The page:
Interestingly, though, the fans of the game sided with Maynard. Everyone watching wanted that foil Tarmogoyf just as much as Pascal did, and couldn't see what all the fuss was about. They couldn't stomach the public shaming. The backlash against the backlash took a sour turn, as fans picked up Maynard's offense and went hard at the pros in social media.

After almost a day of vitriol, Maynard broke his silence with a simple Facebook post. His explanation was straight-forward and rather humble. He outlines what went through his head in that short burst of time he had to make the pick, and he admitted that it was probably a mistake. "From my lifestyle standpoint, now that I had more than one minute to consider what was on the line at that moment, I misplayed," he writes.

Credit to Reid Duke, who seemingly broke stride with his tag team partners, and turned back to offer an apology.

Reid Duke apologizes to Pascal Maynard

The others? Not so much. Instead, the honest post led to some clumsy, half-hearted, pseudo-apologies by the pros, which reeked badly of self-justification.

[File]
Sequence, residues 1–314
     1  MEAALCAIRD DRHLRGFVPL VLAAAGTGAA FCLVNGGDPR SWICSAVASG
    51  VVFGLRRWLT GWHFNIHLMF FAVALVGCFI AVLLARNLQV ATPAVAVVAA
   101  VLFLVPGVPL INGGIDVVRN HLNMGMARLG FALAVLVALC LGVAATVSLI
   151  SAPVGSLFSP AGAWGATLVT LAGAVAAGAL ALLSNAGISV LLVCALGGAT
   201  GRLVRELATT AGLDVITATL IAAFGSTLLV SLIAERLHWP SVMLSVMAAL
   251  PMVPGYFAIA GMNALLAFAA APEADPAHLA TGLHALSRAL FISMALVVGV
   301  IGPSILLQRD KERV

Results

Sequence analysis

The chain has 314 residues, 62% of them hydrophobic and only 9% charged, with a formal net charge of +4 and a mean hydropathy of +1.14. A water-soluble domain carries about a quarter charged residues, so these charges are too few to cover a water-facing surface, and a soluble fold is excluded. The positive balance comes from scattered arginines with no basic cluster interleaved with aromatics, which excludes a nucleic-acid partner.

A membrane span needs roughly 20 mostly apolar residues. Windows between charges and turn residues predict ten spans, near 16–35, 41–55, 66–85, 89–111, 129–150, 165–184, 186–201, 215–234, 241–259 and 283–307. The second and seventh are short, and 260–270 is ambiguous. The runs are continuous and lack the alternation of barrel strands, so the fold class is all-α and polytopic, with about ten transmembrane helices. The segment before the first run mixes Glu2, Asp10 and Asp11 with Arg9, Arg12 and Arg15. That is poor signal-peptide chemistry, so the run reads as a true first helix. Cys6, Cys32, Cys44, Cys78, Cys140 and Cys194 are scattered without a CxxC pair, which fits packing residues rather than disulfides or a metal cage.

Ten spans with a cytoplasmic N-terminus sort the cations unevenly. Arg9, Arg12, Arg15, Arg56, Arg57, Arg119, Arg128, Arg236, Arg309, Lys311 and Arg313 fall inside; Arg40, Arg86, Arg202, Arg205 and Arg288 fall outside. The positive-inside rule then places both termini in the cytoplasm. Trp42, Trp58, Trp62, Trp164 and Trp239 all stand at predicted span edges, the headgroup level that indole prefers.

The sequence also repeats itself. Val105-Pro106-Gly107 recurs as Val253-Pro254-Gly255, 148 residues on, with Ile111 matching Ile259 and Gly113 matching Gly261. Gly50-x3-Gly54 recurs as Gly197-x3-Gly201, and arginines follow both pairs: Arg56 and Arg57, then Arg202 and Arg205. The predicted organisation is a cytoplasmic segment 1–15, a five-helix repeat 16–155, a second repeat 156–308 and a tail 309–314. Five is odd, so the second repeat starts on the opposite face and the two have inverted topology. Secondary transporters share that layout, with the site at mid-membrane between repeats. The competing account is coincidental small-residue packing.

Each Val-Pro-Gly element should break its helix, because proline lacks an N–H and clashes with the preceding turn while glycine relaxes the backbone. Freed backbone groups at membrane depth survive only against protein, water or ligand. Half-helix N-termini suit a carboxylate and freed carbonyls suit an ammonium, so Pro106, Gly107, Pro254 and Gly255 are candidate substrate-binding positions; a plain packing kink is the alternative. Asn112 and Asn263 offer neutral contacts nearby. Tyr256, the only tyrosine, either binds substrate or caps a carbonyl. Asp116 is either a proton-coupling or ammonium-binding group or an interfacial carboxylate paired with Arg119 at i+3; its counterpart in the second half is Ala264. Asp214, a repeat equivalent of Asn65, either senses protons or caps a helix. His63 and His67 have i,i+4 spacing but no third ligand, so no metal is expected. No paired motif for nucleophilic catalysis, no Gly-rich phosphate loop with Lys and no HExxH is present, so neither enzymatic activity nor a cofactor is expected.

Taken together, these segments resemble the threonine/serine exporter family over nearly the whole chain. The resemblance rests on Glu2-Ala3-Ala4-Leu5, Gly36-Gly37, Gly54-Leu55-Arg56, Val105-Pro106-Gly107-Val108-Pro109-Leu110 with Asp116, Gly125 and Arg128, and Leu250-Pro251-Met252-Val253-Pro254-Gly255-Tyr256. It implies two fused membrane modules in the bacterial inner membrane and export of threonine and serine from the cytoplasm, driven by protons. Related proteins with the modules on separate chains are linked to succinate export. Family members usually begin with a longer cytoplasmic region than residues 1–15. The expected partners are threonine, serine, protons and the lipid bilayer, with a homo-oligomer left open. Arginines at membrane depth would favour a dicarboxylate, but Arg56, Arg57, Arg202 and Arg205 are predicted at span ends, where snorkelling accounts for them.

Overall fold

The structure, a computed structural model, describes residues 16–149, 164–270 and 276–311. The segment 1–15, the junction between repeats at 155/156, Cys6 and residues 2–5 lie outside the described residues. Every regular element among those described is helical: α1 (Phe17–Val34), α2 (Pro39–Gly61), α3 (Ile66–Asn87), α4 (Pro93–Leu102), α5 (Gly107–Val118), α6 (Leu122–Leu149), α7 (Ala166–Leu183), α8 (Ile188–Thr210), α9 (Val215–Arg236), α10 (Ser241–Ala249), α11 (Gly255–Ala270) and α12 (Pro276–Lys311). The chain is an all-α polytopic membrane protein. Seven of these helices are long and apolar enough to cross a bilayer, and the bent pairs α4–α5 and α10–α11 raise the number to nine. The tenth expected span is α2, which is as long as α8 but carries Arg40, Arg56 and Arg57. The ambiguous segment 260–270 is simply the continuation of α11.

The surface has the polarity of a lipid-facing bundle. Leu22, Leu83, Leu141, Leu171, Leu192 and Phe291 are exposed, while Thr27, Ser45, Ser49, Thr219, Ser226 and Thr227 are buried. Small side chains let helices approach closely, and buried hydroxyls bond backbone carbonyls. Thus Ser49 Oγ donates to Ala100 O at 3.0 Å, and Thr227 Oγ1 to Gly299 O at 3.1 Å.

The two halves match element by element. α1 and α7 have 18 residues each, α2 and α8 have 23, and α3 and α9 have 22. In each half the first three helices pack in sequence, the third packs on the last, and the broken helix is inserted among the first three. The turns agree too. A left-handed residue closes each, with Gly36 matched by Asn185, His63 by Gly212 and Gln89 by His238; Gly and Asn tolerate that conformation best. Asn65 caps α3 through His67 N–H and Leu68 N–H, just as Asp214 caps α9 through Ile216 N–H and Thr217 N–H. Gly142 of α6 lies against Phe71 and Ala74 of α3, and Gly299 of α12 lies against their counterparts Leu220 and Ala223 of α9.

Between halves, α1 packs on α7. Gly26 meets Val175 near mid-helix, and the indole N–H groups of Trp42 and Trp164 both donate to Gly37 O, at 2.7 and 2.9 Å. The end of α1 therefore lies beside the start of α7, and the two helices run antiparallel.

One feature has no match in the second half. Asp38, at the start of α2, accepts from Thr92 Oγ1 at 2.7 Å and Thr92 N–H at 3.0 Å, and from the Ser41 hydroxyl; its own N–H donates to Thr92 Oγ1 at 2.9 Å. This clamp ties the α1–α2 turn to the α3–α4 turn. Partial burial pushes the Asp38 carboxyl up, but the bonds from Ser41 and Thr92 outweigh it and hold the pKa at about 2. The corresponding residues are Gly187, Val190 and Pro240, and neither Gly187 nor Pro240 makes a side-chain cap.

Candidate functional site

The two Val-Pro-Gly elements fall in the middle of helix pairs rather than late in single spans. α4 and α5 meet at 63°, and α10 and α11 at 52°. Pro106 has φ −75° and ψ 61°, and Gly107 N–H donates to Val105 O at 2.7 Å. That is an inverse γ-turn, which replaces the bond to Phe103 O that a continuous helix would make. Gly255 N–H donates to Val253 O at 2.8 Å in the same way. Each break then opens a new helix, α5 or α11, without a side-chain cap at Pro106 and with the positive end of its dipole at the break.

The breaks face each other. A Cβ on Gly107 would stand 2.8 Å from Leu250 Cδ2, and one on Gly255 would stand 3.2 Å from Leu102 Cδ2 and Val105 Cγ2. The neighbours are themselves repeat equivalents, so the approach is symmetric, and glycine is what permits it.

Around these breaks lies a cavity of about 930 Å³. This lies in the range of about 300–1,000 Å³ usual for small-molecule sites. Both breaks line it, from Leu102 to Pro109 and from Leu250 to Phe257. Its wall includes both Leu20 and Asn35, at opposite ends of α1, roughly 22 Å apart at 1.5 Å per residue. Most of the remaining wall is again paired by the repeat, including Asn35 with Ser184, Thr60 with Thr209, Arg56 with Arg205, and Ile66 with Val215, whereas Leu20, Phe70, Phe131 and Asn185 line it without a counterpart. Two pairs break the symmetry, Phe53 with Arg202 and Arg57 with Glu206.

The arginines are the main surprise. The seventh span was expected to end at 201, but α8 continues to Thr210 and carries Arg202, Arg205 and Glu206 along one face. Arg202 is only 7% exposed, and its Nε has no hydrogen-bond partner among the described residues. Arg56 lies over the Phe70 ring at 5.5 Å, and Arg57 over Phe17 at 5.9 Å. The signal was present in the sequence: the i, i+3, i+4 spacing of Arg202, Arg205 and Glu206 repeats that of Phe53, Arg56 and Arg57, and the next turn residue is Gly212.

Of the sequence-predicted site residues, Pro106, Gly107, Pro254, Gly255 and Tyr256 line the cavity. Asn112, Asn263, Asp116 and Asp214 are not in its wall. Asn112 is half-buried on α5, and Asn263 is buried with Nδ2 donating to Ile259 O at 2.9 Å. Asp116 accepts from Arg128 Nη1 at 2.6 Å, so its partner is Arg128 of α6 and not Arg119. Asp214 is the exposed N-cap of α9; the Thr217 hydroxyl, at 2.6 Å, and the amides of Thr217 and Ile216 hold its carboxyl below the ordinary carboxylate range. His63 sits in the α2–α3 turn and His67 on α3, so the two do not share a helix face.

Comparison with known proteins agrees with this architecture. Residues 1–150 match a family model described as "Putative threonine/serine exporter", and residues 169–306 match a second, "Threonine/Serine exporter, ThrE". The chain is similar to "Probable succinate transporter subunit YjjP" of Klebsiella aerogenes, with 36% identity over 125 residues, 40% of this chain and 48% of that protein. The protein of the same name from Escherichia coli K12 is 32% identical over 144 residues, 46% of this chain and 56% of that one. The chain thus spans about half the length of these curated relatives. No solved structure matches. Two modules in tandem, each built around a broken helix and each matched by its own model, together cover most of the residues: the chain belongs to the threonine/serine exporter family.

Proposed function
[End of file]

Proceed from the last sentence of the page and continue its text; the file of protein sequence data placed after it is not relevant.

Owen Turtenwald's pseudo-apology

This only fueled the fans criticism to a fever pitch. They wanted blood, some even calling for a boycott or suspension. I'm sure it wasn't long before nervous sponsors started making phone calls. The next day, within a few minutes of each other, both Turtenwald and Jensen tweeted PR-tinged apologies.

Two things stand out to me about the whole affair. First, is that whenever you put people together in a social group, whether that be a clique of friends, an office setting, or participants in the same game, there are always rules. Each sub-culture defines its own laws, spoken or not. Thou shalt not listen to U2 anymore. Thou shalt not use Comic Sans. Or in this case, Thou shalt not rare-draft in the top 8 of a Grand Prix.

Second, we tend to act badly when someone breaks our laws. If you thought judgment, outrage and condemnation were only for fundamental religions, PETA, and Rush Limbaugh...then you're blissfully ignoring that pitchfork in your own closet. We all can get caught up in the cycle of disapproval and indignation when someone offends our idea of right and wrong. Even if it only expresses itself in shame or snark.

So where's the grace note after all this human interpersonal drama? Well, instead of fighting back against his accusers, Maynard kept his humor with his even response. And let's not forget the card itself, a one-of-a-kind foil Tarmogoyf, stamped with the tournament seal, and used in the top 8 of the largest Grand Prix of all time, is now the most famous card in Magic history. Maynard placed it up for auction on eBay, promising that 50% of the proceeds will go to charity. The price, at the time of this writing, has reached nearly $15,000.

I like that ending...but wouldn't it be even better if the winning bid turned out to be Huey, Owen and Reid going in on it together?